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How does the role of the athletic trainer working in the clinic differ from the responsibilities of the athletic trainer working in a university setting?
How does the role of the athletic trainer working in the clinic differ from the responsibilities of the athletic trainer working in a university setting?


The role of an athletic trainer is dictated by that state’s regulation of the practice of athletic training
The athletic trainer should treat only those who have sustained injury due to physical activity & not patients w/ neurologic or orthopedic conditions


What actions can the athletic trainer take to reduce the number of injuries and to minimize the risk of injury in the competitive athletes at that high school?

  1. physical exams & preparticipation screenings
  2. ensure appropriate training & conditioning of the athletes
  3. monitor environmental conditions
  4. select & maintain properly fitting protective equipment
  5. educate parents, coaches & athletes about the risks of sports

A second-semester college sophomore has decided that she is interested in becoming an AT. Her college has a masters degree in AT yet does not offer an entry level CAATE approved curriculum.

How can she most effectively achieve her goal of becoming an AT?


Everyone must graduate from a CAATE-accredited program to take the BOC exam.
Therefore she must transfer schools


What considerations are important for inclusion in a risk management plan for an athletic program?


Security Issues
Fire safety
Electrical and equipment safety
Emergency injury management


How can the athletic trainer most efficiently set up the preparticipation exams to clear 200 athletes for competition in the fall sports?


The preparticipation exam should consist of:
Medical hx
A physical examination
Brief orthopedic examination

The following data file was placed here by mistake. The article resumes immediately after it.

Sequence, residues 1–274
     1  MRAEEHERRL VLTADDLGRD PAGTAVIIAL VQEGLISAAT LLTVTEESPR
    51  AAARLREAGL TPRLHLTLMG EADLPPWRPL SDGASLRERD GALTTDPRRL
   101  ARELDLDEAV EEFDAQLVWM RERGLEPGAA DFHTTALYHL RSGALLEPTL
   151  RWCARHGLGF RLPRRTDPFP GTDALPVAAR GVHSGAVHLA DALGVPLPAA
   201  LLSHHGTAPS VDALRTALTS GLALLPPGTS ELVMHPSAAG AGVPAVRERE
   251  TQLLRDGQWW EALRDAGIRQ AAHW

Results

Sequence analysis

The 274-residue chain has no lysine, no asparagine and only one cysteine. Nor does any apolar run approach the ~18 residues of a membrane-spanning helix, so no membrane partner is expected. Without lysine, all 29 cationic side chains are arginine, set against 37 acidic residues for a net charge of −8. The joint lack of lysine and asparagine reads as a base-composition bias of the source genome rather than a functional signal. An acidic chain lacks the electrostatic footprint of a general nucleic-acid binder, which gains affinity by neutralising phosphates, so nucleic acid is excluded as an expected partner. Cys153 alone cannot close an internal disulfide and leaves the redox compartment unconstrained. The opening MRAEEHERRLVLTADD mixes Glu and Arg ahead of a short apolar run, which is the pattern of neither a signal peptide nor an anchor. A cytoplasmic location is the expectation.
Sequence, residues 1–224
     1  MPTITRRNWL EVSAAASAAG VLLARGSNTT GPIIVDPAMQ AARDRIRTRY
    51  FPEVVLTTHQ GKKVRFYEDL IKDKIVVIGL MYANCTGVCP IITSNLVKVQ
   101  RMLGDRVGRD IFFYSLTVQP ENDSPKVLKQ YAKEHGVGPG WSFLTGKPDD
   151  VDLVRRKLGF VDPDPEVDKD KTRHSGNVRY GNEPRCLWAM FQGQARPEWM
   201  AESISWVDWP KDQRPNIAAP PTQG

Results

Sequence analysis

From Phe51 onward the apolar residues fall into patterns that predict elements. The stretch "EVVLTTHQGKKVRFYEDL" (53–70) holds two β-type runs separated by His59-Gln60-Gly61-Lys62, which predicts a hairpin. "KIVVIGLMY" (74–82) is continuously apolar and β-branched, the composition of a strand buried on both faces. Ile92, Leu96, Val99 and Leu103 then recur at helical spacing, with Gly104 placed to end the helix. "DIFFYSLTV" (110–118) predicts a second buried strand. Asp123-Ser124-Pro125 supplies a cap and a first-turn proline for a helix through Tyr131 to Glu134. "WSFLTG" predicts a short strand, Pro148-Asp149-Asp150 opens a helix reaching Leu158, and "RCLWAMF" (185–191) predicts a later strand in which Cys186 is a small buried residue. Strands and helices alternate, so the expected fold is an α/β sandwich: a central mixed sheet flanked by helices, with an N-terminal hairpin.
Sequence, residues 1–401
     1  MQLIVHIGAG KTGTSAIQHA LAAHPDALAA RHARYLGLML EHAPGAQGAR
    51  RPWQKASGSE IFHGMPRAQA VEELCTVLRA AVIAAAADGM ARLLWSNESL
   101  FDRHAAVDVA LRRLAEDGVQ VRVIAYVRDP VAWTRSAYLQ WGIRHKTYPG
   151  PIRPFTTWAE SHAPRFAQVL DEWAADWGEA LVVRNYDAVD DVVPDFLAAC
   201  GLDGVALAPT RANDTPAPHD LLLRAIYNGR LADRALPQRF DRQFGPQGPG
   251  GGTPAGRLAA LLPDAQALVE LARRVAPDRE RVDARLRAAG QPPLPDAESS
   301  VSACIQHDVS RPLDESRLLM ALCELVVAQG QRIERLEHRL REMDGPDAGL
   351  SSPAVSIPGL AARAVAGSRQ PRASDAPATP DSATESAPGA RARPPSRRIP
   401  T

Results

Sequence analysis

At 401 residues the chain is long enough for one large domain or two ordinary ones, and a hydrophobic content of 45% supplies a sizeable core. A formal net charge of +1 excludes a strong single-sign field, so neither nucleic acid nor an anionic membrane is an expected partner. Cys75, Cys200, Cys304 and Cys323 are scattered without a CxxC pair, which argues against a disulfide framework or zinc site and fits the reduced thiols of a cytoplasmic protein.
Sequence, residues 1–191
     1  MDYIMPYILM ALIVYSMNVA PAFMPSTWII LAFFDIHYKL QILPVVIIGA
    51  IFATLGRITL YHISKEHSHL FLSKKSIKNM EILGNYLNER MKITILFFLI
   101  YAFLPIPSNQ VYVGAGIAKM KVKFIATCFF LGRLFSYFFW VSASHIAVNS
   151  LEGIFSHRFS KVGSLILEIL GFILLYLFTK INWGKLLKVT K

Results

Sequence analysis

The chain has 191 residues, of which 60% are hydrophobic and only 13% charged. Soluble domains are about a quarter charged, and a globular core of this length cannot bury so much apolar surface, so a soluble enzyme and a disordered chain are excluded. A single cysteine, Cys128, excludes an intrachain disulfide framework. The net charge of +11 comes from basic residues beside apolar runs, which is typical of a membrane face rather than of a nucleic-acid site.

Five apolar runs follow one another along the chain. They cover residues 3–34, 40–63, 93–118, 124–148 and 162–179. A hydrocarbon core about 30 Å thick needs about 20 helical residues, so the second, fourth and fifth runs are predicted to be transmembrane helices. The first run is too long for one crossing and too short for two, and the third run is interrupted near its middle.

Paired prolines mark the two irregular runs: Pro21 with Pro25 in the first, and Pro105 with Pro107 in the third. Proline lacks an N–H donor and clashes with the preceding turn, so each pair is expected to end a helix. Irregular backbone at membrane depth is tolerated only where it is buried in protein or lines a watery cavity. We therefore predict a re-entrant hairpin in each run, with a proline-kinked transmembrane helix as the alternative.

May be effectively administered using a station examination system w/ a team of examiners


A collegiate athletic trainer is approached by the school administration to determine the potential risk of injury to their football team.

What approach is best suited to gather this information?


The NCAA Injury Surveillance System


If a patient brings a lawsuit against the athletic trainer, what must the patient prove if he is to win a judgement?


If an AT fails to provide an acceptable standard of care, there is a breach of duty on part of the AT
The athlete must then prove that this breach caused the injury or made the injury worse.


What is the statue of limitations for an adult patient to file suit?


In personal injury cases, the individual would typically have btwn 1 & 5 years to file a suit for negligence


What type of insurance policy should the meet organizers carry to cover medical costs?


Low cost accident insurance

Often covers accidents on school grounds while athletes are competing


A marathon runner comes into the sports medicine clinic, complaining of feeling tightness in her lower extremity during workouts.

What should the AT recommend as a specific warm up routine that this patient should consistently perform before her workout?


5-7 min slow jog, breaking into a light sweat
Stretch: either static or PNF technique
Each stretch performed 4 times, held 15 to 20 secs
Cool down period: stretch


Following the competitive season, a football player took the months of Dec & Jan off from intense training. It is now time for him to begin the preparatory phase of training.

What activities should he begin with & how should these activities progress over the next several months?


Early part of preparatory phase: training should be low intensity with a high volume of repetitions. This phase should last several weeks to 2 months.

Just before preseason: the athlete should train at a high intensity, and volume should decrease to allow full recovery btwn sessions


An ice skater falls and hits the back of her head on the ice, incurring a possible cerebral concussion.

Initially what observational signs may indicate a cerebral injury?

Signs of a cerebral injury:
Pale face color
Moist skin
Rapid pulse
Shallow breathing
Pupils may become dilated

A football player sustains a cerebral concussion while making a tackle during a game.

How should the AT determine the athlete’s level of orientation and memory

Assessing orientation and memory:
Current date
Name of last week’s opponent
Who won that game
Who scored this games last goal

An ice hockey player is checked hard into the boards head first and sustains a concussion. It is his second concussion this season.

What guidelines should be followed regarding his return to play?


The patient should be held out of all activity until he is completely asymptomatic and can perform at baseline levels on neuropsychological tests and balance tests

The physician may consider keeping the player out the rest of the season